Sorry for not posting this sooner – been frantically planning and sort stuff out for before I leave! More on that later this week.
This is a continuation of My First Solo Trip Pt 1, although this can stand alone.
Prior to travelling to Mexico, I decided that as I was on the other side of the Atlantic, I might as well stick around for a little bit.
I planned to go to the U.S.A. on a Trek America trip and to stay in New York City for a little bit. But first, I stayed in Mexico for a little pool time…
Following our farewell at the children’s home, our group went to the airport so that the majority could fly back home. Their time in Mexico had come to a close and they had a long journey back to England. My heart was already in a sensitive state after saying goodbye to the kids, but now I had to say goodbye to people who had become my close friends.
Don’t cry because it’s over, smile because it happened.
When I returned to the hostel that had been my home for the past four weeks, it was so quiet. But this eerie silence was just the beginning of my first step out as a solo traveller.
I had booked a hostel near the town centre of Puerto Vallarta (PV) for a couple of days. This hostel was the ideal location for most backpackers – walking distance to the clubs that this area was known for, but far enough away that we were safe from the noise or the hooligans.
Here, I arrived with my backpack and found my way to my room. My first encounter was a solo traveller was a Mexican man called José – he was in the bunk beneath me. Sadly, my Key Stage 3 Spanish eluded me and I forgot how to respond to ¿Dondé vives? (where are you from?).
Solo fail #1.
In the handful of days which I spent at this hostel, I met some travellers from across the globe. An Englishwoman, a French Canadian lady who was somewhat of a polyglot and a German guy with a unique stance on environmentalism (a topic which I have an interest in). But more importantly, this hostel had a pool!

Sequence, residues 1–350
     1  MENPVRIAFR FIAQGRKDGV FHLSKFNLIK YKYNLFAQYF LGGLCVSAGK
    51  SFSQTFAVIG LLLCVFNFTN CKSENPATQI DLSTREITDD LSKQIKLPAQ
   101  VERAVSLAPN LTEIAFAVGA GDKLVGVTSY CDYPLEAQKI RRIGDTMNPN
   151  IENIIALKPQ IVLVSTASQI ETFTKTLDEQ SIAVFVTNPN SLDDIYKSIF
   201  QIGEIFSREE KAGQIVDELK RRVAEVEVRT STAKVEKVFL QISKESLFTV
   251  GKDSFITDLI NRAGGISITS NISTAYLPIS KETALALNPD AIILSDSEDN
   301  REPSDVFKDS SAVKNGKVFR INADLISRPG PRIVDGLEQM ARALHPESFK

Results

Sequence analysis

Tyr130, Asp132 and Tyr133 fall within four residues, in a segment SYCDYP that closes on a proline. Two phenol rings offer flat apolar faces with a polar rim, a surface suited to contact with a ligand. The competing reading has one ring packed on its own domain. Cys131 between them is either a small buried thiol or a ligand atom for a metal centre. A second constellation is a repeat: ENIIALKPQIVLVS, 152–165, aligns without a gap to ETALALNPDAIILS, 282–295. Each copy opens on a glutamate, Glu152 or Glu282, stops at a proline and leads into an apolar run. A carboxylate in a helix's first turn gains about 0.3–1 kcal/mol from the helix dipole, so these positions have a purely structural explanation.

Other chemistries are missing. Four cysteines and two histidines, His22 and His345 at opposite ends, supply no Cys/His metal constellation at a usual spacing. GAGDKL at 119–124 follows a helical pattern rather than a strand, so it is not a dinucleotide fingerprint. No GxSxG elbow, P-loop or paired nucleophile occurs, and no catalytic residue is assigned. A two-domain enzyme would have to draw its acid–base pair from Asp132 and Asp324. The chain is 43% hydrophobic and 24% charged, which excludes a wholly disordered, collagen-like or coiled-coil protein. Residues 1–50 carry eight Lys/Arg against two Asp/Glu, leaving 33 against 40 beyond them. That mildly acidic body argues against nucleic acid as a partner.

That first dip in that pool after 28 days in 35+ heat was a sensation – it also helped with the hangovers which naturally came with the hostel life.
The fondest memory I have of these few days was one night when we’d decided to go out, but we had decided too late and none of us 6 was drunk. Sadly, in this district, to purchase alcohol from a convenience store (we were on a budget after all) past 11 pm was illegal. We scoured the few stores which were still open for a drink – as getting drunk in a bar would have cost 20x as much.
Thankfully we found a place which was known to the locals, and we ended up sitting on the beach, looking out to the thunderstorms raging in the Pacific, drinking triple strength vodka and pop from polystyrene cups.
This is one of those stories which would never have arisen without the hostel environment of inviting others to dinner.
Due to visa restrictions, I had to leave Mexico two days after this evening.
I had booked a flight months before, from PV to Chicago O’Hare then onwards to Newark. My layover in Chicago was 14 hours, overnight.
I did my research and I decided not to travel out of the airport at this time. In hindsight, this wasn’t the best idea – I should have gone out just for a Chicago-style pizza pie. #RIPizza.
The dinosaur was pretty cool though!
So, here I was, 31 days in the tropics of Mexico, now staying in an airport overnight, with no phone (it had died). One thing I hadn’t counted on was the A/C. The A/C in O’Hare seemed to be set on absolute zero at night as if to help all travellers coming in from the American Summer cool off. For me, it was like stepping into a cryogenic freezer. I had travelled for 14 hours and I needed sleep.
When I landed at Newark and got to baggage reclaim, disaster struck.
My bag wasn’t there.
My bag, with unique [for them] Mexican presents for my family and all my clothes [par one set which I always pack in my hand luggage] had disappeared.
But I held back the panic.
I found my way to the baggage problem desk, which seemed miles away, and informed them of my problem. They didn’t seem engaged at all. I was met with blank faces. They told me to go check again, although I had already waited and all of the baggage had come through.
Back I went, my bag was still vacant.
I returned to the blank faces at the desk.
I was starting to freak out. I had booked to go on a 7-day tour of North East USA the next day, I wouldn’t have a permanent location for more than a week. Even if they did find my bag, how could they return it to me?
A lady at the desk saw the anxiety grow in my eyes and stepped forward to help. She asked me to describe my bag and said that it could have been placed in the Special Baggage Area due to its size.
After 5 minutes of rummaging through, she found it!
I made my way to the hotel.
Having little travel experience, I thought I’d let someone else do the planning for my first trip. As such I booked onto the Freedom Trail Trek America tour which was a minibus tour with destinations including